Why Men Make More Money Than Women

Published 31 May 2017

There is an increasing concern in the last decade that gender plays role in racial discrimination wherein males and females of a different ethnicity are treated in different ways. In particular instance, females of a specific ethnic group experience at least two forms of discrimination based of her race, gender, religious belief, age and social status. The term racism is strongly associated with hatred and prejudice of an individual’s identity including any aspects of his identity and sexual orientation hence females experience a different manner of discrimination. International groups such as the United Nations have regarded racial and gender discrimination as two independent issues resulting in females continuing to suffer from numerous types of injustices. It is thus essential that the gender component of racial discrimination be well understood in order to draw actions towards racial discrimination that are helpful to both males and females.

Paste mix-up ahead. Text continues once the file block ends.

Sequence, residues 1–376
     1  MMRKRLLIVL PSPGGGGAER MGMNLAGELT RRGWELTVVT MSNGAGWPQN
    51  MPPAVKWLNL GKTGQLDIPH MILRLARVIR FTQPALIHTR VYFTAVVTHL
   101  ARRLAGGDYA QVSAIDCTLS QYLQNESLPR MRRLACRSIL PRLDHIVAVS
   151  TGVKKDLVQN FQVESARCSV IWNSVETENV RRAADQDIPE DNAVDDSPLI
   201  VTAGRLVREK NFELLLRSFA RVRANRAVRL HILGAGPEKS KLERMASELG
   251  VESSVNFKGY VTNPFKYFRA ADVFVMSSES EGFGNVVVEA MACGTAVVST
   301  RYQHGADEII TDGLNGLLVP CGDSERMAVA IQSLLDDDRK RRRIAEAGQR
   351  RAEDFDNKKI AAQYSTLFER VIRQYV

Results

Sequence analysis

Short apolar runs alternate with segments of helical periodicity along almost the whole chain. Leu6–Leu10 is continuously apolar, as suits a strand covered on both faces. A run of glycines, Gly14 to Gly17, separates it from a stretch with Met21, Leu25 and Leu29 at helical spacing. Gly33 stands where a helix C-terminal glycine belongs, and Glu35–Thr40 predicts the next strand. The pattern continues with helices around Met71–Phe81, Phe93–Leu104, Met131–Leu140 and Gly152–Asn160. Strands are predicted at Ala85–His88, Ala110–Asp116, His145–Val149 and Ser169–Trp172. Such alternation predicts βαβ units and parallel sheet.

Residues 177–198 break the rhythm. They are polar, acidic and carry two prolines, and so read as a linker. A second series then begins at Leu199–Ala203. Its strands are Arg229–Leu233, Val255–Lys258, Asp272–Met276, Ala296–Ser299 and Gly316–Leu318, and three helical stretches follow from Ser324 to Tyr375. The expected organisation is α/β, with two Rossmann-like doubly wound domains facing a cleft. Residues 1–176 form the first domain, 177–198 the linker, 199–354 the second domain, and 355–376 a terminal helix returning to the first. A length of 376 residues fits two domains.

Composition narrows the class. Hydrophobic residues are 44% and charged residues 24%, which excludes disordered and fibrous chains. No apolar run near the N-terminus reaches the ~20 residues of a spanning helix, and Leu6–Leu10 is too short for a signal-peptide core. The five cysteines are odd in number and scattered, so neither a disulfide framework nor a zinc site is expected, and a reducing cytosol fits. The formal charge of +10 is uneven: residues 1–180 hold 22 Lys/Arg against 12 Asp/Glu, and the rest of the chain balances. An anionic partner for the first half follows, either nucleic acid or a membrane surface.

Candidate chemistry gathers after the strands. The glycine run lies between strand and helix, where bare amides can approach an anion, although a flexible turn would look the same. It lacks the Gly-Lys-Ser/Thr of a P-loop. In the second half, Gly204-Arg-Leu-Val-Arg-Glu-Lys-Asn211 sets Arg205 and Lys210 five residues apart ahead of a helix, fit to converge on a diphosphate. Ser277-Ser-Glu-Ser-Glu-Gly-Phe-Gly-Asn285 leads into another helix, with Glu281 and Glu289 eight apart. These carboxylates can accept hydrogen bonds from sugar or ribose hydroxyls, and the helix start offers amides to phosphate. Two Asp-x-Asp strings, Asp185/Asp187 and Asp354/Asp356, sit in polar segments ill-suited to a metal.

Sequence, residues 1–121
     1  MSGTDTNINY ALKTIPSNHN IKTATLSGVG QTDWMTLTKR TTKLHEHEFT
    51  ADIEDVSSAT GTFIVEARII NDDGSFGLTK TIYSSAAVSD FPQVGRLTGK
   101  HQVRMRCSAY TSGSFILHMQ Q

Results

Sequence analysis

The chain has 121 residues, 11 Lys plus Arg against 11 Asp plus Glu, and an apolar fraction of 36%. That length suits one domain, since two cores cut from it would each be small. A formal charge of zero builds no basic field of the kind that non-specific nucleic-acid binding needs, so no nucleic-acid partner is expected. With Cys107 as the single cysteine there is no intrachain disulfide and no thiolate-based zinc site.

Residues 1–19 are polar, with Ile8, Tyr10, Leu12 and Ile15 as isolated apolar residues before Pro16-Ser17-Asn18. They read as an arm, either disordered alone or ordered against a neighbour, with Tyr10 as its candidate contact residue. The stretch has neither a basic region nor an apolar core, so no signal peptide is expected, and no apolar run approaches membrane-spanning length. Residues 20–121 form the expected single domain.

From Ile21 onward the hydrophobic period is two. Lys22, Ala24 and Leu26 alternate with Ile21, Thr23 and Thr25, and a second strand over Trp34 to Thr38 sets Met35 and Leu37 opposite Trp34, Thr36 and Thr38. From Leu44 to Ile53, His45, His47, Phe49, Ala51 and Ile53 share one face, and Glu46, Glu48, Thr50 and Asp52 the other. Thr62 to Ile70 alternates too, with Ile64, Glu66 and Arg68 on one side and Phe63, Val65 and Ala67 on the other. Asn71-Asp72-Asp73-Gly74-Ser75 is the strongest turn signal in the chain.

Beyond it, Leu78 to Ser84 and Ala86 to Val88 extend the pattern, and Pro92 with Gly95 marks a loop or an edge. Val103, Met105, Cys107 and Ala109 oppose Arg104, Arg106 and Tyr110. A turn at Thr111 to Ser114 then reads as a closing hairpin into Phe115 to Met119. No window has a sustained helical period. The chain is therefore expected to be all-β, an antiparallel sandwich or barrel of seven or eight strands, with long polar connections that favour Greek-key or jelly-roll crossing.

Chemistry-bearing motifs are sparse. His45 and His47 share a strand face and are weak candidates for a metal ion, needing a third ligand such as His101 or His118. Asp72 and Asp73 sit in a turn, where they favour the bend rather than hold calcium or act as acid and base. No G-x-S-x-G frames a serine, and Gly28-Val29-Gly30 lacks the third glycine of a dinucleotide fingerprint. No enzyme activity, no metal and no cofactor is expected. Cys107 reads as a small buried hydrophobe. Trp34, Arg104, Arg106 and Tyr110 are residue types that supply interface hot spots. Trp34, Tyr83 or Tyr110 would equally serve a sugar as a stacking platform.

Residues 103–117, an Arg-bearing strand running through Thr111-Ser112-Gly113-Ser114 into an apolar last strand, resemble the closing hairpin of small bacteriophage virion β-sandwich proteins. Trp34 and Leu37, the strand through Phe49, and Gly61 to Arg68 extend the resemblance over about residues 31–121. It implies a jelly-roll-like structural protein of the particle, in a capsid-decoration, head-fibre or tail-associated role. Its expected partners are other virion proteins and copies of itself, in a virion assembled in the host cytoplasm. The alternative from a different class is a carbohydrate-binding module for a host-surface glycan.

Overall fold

There are several instances when the issues of gender and racial discrimination interconnect (Crenshaw KW, 2000). The interplay of these two concepts may take different modes and arise in different circumstances. One situation wherein gender is interconnected with racial discrimination can be observed among impoverished women. It has been estimated that approximately 1.3 billion individuals who are living in extreme need are women (UNDP, 2000).

Such condition is strongly related to their inability to receive any form of education as well as training courses hence rendering them under-qualified for most of the available employment. Simultaneously, the trends of globalization and alteration in governmental laws have resulted in more problems for women because gender inequalities were exposed. One example can be observed among governments that do not provide unemployment insurance of single mothers or female heads of households. The merged effect of gender and racial discrimination may also hinder the retrieval of women to economic resources, including loans, credit and real estate property and can also affect the treatment they receive when they request for social services from the government. Such hardship thus endangers women to poverty and financial hardship.